can you make an extention cord out of 12 awg speaker wire

The Paladin

Estimable
Herald
if your asking is is possible to use 12 guage qire to run 115v Ac through it... sure.. is it wize to use 12 guage for speaker wire to do so.. not at all.. the problem comes from the actual housing of the wirring and secondly due to gauge of wiring.

12 guage wire is too small to run 115v AC so there will be serious warming of the wirring, and since the plastic surrounding the wires is made for low voltage it will at one point melt and the wires will touch causing a high voltage short in your house at the very least and could cause even an electrical fire.

get a proper extension cord my friend.
 

The Paladin

Estimable
Herald
if your asking is is possible to use 12 guage qire to run 115v Ac through it... sure.. is it wize to use 12 guage for speaker wire to do so.. not at all.. the problem comes from the actual housing of the wirring and secondly due to gauge of wiring.

12 guage wire is too small to run 115v AC so there will be serious warming of the wirring, and since the plastic surrounding the wires is made for low voltage it will at one point melt and the wires will touch causing a high voltage short in your house at the very least and could cause even an electrical fire.

get a proper extension cord my friend.
 

chris_405

Prominent
Mar 11, 2017
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timbo80

Estimable
Mar 4, 2014
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My 2c, check the sheathing for a voltage rating, most is rated up to 600 volts. Many cheaper extension cords found in the home, "zip cord" style are only 14 gauge stranded 2 conductor. Using 2 conductors eliminates the ground which, depending on who you ask is not a good thing to do.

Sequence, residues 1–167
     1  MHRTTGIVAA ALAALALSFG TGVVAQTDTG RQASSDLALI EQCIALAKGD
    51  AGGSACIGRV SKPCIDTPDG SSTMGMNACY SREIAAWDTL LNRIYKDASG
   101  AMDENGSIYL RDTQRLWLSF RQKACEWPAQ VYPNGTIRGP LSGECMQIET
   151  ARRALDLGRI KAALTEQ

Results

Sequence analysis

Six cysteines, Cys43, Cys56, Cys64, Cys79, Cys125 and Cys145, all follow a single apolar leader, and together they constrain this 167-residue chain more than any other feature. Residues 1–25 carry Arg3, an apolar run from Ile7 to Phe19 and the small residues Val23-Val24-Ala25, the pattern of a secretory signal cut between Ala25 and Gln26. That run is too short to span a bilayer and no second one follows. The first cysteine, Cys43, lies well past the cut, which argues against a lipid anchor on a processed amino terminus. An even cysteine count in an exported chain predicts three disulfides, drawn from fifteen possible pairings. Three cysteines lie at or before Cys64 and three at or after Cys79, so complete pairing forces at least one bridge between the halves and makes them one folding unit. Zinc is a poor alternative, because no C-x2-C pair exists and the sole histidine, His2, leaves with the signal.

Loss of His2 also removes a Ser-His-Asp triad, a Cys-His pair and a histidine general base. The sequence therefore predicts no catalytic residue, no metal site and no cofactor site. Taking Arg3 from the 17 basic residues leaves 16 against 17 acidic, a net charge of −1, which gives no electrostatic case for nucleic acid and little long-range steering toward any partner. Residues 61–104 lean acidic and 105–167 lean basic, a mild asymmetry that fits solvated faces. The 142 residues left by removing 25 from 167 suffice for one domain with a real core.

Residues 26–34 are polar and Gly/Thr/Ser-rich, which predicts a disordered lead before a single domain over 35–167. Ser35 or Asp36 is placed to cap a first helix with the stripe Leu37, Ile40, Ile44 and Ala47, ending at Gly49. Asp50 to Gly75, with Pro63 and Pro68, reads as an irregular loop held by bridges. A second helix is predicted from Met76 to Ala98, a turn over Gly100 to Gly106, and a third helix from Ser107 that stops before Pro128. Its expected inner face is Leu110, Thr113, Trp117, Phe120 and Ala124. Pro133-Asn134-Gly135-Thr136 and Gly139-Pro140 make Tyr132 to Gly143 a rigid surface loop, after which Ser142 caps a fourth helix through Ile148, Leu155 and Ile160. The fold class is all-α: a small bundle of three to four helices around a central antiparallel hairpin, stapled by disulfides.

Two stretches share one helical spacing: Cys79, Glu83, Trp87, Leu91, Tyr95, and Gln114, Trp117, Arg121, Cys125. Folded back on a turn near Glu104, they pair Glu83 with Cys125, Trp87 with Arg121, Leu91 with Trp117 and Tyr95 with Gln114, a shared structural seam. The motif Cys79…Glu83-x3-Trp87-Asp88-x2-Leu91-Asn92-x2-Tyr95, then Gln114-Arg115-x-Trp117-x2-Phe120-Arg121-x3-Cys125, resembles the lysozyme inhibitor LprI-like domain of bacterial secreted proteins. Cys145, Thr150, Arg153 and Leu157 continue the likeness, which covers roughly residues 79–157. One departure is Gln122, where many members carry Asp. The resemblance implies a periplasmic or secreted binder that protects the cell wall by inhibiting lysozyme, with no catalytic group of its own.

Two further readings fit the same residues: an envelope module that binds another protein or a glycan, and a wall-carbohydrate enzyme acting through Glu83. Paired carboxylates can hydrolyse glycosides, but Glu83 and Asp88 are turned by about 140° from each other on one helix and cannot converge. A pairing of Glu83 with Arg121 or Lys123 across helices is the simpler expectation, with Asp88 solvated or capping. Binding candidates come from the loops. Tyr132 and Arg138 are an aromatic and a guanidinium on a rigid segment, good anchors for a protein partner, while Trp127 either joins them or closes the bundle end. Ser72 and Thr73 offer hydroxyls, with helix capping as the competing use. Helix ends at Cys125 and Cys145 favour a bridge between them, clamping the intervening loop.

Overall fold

Back in the day, i used to build some pretty high end mobile DJ rigs pushing some serious power and the speaker wire of choice was high quality SJOW or SO 4 conductor wire you would commonly use for AC power but worked equally well on DC speaker level applications.
My point is the cable doesent usually care whether its AC or DC, every cable has a Voltage rating usually based on the "sheathing" and its ability to contain the rated voltage. With only 2 conductors you run the risk of reduced safety with the loss of the ground, that being said there are plenty of cords still sold today in that format, its all in what you are willing to consider "safe" in your own home.
Tim
 
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